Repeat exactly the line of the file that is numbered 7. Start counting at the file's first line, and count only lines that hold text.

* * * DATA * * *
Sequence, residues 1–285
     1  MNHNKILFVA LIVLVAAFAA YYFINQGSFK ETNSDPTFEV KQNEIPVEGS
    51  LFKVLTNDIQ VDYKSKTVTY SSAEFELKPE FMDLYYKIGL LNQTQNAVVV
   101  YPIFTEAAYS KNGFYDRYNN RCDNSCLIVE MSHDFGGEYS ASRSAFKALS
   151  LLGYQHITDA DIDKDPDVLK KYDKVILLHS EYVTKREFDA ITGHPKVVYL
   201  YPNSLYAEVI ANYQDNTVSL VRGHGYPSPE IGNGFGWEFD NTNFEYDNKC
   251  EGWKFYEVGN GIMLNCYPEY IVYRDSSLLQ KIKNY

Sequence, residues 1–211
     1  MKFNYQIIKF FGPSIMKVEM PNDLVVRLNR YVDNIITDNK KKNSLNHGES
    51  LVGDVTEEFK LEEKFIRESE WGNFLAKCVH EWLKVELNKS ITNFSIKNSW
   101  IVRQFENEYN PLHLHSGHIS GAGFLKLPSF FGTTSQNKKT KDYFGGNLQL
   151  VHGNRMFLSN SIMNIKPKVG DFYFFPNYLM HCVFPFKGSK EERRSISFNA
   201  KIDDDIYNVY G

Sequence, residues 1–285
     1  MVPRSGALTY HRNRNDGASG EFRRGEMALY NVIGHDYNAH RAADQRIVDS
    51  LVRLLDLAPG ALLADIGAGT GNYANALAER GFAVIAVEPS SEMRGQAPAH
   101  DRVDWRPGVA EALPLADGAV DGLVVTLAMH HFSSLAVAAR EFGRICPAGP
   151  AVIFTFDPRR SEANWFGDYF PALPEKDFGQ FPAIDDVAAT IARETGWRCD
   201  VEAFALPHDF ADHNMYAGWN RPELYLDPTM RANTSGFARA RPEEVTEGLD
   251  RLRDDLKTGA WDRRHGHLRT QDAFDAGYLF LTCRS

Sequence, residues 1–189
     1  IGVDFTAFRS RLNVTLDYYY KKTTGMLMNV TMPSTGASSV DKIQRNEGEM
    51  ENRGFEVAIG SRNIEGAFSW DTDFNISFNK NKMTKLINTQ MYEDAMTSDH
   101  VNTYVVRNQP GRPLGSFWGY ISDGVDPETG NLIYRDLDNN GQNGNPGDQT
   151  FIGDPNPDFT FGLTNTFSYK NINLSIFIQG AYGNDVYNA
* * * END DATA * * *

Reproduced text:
   251  EGWKFYEVGN GIMLNCYPEY IVYRDSSLLQ KIKNY